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How to Give a Good Handshake and Flaws to Avoid

Updated on March 22, 2018
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PSA for Handshakes

We’ve all been there. It’s a time to impress or be impressed. A moment of truth. These fleeting moments usually begin with a handshake. The handshake is a very important act of physical contact in professional and personal cultures. It can build and break relationships in seconds. The initial handshake can set the tone for the rest of the conversation and the final handshake can leave the receiver with a “closing statement” of sorts, about the recent interaction. This is a Public Service Announcement to make aware frequent faults found in handshakes and tips to enlighten on proper “shake-age” techniques.

The Clean Slate

First thing’s first. You want to make sure your hand is inviting and warrants a good shake. This means you want your hand to be clean and dry. If it isn’t then you are unrolling the mat for my first faux pas in shakes…

The Why?! Shake

A dirty handshake is only permissible if the receiver's hand is equally as dirty as the giver's hand.
A dirty handshake is only permissible if the receiver's hand is equally as dirty as the giver's hand. | Source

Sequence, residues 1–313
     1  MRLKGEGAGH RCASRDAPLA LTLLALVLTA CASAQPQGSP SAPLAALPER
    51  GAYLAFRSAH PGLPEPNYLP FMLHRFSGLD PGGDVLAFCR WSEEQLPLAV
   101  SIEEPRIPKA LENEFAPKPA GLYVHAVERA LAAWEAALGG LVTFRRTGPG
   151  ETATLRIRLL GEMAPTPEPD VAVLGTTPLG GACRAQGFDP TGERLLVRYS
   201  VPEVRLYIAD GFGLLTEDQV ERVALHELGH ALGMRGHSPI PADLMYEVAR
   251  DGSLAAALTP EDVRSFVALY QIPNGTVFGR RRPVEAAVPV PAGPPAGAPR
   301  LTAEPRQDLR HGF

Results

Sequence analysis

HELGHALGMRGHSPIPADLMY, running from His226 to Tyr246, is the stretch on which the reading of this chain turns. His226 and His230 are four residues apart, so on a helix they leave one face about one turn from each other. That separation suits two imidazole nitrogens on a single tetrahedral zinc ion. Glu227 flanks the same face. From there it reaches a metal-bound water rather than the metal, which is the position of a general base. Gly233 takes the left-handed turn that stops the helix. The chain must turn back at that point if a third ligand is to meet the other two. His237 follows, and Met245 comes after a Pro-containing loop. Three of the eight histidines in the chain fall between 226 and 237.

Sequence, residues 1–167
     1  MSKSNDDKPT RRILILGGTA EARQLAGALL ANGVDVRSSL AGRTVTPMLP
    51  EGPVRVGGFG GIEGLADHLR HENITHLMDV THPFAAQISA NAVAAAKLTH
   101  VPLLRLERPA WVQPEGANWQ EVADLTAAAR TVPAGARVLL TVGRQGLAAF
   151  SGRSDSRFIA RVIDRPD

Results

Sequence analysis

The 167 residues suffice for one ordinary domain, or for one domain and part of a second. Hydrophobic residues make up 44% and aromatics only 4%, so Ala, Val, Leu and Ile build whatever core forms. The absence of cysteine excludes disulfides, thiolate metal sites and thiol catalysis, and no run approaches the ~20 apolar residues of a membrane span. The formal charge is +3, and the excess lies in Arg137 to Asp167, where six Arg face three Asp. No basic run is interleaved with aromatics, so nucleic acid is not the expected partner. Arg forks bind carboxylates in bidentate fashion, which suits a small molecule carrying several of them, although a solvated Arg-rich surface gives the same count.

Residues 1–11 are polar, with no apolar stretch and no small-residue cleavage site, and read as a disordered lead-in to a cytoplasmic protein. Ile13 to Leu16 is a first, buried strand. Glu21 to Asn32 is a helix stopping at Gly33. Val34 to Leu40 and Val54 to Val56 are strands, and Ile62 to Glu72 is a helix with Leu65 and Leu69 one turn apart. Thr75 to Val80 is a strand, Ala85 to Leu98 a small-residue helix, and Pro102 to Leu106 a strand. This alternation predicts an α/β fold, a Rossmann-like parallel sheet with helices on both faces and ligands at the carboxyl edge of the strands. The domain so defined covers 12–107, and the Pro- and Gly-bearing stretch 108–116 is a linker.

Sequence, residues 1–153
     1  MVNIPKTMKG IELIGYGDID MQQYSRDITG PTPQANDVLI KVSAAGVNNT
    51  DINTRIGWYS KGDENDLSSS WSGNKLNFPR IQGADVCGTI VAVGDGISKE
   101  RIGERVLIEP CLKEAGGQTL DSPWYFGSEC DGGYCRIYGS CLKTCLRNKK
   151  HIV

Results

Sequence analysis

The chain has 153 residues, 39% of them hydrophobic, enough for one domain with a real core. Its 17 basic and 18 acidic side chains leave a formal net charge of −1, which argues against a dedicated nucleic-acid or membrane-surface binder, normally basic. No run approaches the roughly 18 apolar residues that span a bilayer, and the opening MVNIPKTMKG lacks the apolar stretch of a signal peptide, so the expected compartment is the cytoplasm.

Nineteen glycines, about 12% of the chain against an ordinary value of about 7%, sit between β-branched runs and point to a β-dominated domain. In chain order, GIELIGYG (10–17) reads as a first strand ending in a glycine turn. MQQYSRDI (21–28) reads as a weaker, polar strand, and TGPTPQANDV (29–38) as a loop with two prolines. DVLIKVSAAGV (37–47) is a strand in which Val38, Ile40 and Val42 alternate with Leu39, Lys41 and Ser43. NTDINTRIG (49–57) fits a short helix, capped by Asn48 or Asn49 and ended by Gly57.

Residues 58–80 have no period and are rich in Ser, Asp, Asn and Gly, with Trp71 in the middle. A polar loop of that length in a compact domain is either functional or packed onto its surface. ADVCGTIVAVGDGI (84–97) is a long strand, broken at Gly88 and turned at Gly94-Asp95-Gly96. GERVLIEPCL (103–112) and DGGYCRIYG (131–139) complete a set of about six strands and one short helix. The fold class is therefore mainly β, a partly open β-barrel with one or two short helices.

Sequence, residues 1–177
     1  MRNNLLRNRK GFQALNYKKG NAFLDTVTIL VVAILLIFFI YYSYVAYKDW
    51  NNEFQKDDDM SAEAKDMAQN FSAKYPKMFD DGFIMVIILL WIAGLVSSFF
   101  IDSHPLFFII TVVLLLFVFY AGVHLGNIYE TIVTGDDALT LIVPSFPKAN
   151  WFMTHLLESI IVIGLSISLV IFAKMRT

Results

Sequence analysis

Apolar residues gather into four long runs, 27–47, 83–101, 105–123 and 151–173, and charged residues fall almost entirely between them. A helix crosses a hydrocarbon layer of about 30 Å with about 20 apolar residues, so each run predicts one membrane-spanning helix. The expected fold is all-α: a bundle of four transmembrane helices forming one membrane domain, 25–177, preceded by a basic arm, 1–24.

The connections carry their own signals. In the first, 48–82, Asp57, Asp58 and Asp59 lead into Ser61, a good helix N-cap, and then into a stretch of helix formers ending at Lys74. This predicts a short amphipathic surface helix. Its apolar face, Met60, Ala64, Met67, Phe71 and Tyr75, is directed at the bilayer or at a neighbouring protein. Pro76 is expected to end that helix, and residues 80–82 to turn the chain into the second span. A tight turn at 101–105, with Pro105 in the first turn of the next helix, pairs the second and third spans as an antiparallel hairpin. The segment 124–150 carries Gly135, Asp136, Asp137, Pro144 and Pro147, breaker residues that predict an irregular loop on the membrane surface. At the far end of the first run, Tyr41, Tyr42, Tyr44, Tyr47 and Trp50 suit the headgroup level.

A. K. A. the “Why is your hand…?" shake. This happens when you go to get a handshake and you immediately get the feeling that you need to wash your hands. It could happen for a few different reasons all dependent on the tactility of the receiver’s hand and the hygienic disposition of the giver’s hand. These handshakes usually spark an inner monologue that beg the question, “Why is your hand wet?”, or “Why is your hand clammy?”, or worse still “Why is your hand so freakin’ sticky?!” This leads the receiver to focus on the cleanliness of his/her hand which is then transferred into dismaying thoughts about the dirty doer.


Prep Work

The Why?! shake can be avoided with some simple prep work. Whether the sweat be from heat or nerves, you need to dry that bad boy off and keep it dry. When going to interviews, try to get to the destination at least ten minutes early to allow time to acclimate to the room temperature of the office and to go to the bathroom to wash your hands. If your hands are hot, run them under cold water for a bit. This will cool the temperature of your hands and hopefully keep any new sweaty outbreaks from occurring. Before you leave the bathroom, make sure you completely dry your hands. As far as sweat from nerves, why are you nervous? An interview is a chance for you to talk about yourself. Who’s better at doing that than you? (You got this!)